You might have to choose sides if your mother and your partner get into ongoing debates over the best way to get through a pregnancy. Although your mom means well, somebody (like you) might have to run interference if her advice is persistently upsetting your partner.
After you put on maternity clothes, pregnancy experts will start coming out of the woodwork. Everywhere you go, people will have advice about what you should and shouldn't do.
Perhaps much of the advice will come from your mother or mother-in-law. This is a playing field where you need to know the rules if you ever hope to come out the winner. These women's genes are floating around in your womb, so they might feel divinely entitled to tell you how to nourish and protect their progeny. (Warning: This belief grows even stronger after the birth of the baby.) On the one hand, they have a point. Their lineage is invested in the outcome of your pregnancy and they speak from experience. They've been through this themselves and have done a pretty good job, judging by you and your partner. They have experiences to share and helpful tidbits to pass on that might actually make this pregnancy easier for you. So take advantage whenever you can.
If your mom insists that you rest on the weekend and let her come over and do your laundry—don't fight it. Sure, you're not sick and there's no reason you can't do your own laundry, but if it makes your mom feel involved and needed when she helps you, why not? When she gives advice, don't get yourself stressed out by arguing or contradicting. Just say "Thanks." Many things have changed since she gave birth, and her intentions are good. You can let it go in one ear and out the other with no stops along the way if you like, but a simple smile and a nod of appreciation will save your family many unnecessary battles. And don't forget that there is always the possibility that in this case, your mother and your mother-in-law really do know more than you.
More advice might come from your friends. Co-workers, neighbors, lifelong friends, and even vague acquaintances will all have words of wisdom to share. Some might hover over you as if you've just turned into a delicate piece of glassware that will break at the slightest jostle or bump. Others will scold you about not exercising enough and will nag you to join classes, programs, gyms, and spas. Some will push all sorts of exotic diets, herbs, and supplements your way. And a surprising number will insist on recounting all the horrors of their own experiences with childbirth (in gory detail).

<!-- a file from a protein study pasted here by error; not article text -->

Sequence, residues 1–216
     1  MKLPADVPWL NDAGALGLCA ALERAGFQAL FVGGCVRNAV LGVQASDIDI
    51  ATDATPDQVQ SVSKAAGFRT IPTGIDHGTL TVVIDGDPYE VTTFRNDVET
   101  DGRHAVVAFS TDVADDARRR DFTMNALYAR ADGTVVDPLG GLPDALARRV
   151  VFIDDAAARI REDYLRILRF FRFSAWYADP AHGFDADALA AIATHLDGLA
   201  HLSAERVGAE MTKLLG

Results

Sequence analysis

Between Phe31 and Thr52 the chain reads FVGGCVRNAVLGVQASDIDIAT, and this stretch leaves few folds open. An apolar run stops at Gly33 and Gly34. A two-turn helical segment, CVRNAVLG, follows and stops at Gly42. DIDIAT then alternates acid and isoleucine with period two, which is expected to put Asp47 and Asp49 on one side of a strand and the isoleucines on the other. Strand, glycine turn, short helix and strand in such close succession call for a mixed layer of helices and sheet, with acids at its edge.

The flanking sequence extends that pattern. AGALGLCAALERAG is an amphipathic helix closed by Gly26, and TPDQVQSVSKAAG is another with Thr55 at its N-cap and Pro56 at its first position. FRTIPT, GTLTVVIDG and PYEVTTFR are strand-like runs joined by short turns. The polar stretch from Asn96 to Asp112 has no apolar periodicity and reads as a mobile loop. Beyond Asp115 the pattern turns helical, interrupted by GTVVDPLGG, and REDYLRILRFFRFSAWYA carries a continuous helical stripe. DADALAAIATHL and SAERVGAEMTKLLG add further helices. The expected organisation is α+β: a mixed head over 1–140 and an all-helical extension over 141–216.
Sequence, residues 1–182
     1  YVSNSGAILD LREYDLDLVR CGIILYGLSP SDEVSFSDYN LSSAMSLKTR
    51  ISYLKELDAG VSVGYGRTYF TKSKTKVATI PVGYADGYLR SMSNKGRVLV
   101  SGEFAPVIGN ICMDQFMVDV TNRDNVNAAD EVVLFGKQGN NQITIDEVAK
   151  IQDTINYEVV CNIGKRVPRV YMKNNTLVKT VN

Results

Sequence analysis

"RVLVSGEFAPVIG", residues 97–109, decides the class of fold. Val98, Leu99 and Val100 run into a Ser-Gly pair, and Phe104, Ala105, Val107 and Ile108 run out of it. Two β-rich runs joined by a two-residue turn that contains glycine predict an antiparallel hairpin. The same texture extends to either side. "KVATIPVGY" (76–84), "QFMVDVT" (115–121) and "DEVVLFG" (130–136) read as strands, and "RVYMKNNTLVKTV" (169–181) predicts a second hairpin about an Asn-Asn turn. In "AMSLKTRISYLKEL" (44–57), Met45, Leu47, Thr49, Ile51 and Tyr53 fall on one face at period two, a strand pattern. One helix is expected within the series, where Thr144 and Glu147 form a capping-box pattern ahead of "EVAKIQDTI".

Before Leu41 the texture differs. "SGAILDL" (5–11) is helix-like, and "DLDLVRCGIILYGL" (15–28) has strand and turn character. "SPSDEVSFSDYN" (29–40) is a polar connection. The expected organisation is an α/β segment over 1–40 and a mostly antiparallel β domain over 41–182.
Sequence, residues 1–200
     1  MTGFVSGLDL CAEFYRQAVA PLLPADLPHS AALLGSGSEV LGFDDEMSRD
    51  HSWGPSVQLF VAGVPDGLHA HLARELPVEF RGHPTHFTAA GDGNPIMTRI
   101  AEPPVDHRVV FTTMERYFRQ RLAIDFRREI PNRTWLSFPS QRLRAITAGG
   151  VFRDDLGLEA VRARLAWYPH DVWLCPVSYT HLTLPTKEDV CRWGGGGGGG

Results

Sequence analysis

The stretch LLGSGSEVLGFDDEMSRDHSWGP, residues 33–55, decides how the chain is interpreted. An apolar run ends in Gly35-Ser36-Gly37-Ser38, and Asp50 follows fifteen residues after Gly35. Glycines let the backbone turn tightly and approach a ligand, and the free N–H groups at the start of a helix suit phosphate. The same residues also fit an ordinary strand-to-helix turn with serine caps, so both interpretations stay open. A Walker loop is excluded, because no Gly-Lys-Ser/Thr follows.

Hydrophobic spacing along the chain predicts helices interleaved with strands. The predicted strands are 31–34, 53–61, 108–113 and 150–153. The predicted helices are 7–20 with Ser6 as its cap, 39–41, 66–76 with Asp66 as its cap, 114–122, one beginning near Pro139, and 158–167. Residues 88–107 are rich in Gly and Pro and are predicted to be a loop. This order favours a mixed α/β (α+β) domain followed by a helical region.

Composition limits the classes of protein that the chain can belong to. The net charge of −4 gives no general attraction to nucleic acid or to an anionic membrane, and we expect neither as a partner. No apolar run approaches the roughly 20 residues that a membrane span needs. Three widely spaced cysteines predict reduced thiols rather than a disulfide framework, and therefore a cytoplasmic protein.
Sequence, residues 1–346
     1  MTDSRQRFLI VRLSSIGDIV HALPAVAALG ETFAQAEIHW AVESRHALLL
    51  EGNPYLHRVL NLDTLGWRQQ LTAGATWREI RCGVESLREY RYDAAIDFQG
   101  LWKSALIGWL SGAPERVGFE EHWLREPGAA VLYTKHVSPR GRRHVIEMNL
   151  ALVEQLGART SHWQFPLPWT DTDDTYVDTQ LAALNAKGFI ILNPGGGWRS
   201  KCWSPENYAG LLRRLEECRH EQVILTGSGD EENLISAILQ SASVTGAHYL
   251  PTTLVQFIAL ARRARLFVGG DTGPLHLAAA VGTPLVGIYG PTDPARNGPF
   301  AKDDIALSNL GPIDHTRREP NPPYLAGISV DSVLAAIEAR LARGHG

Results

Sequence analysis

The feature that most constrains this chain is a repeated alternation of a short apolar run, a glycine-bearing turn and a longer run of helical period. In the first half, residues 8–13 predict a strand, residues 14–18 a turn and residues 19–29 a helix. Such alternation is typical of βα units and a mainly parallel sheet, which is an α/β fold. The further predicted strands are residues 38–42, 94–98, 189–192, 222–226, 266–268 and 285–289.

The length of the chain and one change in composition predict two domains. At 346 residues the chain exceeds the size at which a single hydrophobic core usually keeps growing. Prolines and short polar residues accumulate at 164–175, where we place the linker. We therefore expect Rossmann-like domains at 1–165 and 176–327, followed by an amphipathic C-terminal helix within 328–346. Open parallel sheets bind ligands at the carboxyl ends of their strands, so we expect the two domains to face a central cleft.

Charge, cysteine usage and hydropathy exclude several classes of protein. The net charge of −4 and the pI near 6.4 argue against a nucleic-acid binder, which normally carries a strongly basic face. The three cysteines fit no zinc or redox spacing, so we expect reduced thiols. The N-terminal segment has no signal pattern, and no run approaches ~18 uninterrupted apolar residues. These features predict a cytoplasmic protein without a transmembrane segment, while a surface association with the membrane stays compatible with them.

You won't escape the advice mongers either. Everyone you work with will have something to say about your partner's pregnancy. They know how to handle her moods, her fears, and her medical difficulties. Smile, nod, but for heaven's sake don't repeat a word of it to your partner—unless it's something like "She looks wonderful!"
This is a good time to learn how to sort out the gems from the fakes. If you have women friends that you've known a long time, whom you trust, and who have gone through their own pregnancies, look to them for support. Ask their opinions and share your experiences. A woman you feel close to and who has been through the same experience in recent years makes a great sounding board. But to handle all your other "friends" you'll need to develop a deaf ear. If you find yourself listening to tales that scare or upset you, don't hesitate to interrupt. Simply say, "Please don't tell me that story. I'd really rather not hear it." If you have concerns and questions, find out the facts from reputable sources. Do your own research by reading books and magazines, and save important questions to ask your doctor.
Another batch of advice will come from complete strangers. Being noticeably pregnant makes you fair game for every person on the face of the earth who has something to say. You'll be asked questions in the supermarket and on street corners that will make you wonder about the sanity of the human race: "Did you plan to have this baby or was it a surprise?" "How much weight have you gained?" "Will you have natural childbirth?" These questions will be followed by far-fetched stories of pregnancy and childbirth—along with unwanted advice. When this happens, try not to take offense. Even when strangers suddenly reach out and rub your tummy, try to keep cool. If the questions and advice of strangers bothers you, the easiest way to escape is to look at your watch, exclaim that you're late, and hurry away. If someone corners you (say on a bus or on the checkout line), quickly turn the attention away from yourself and ask the stranger questions such as, "Do you have children? How many do you have? What are their ages?" and so on until you can make a getaway.
You are now a walking magnet that attracts know-it-all people. Out of nowhere, they'll swarm to tell you what you should and shouldn't be doing. Don't let this onslaught of advice overwhelm you. Choose a few trusted people to be your confidants and turn a deaf ear to the rest.
Excerpted from The Complete Idiot's Guide to Pregnancy and Childbirth © 2004 by Michele Isaac Gliksman, M.D. and Theresa Foy DiGeronimo. All rights reserved including the right of reproduction in whole or in part in any form. Used by arrangement with Alpha Books, a member of Penguin Group (USA) Inc.
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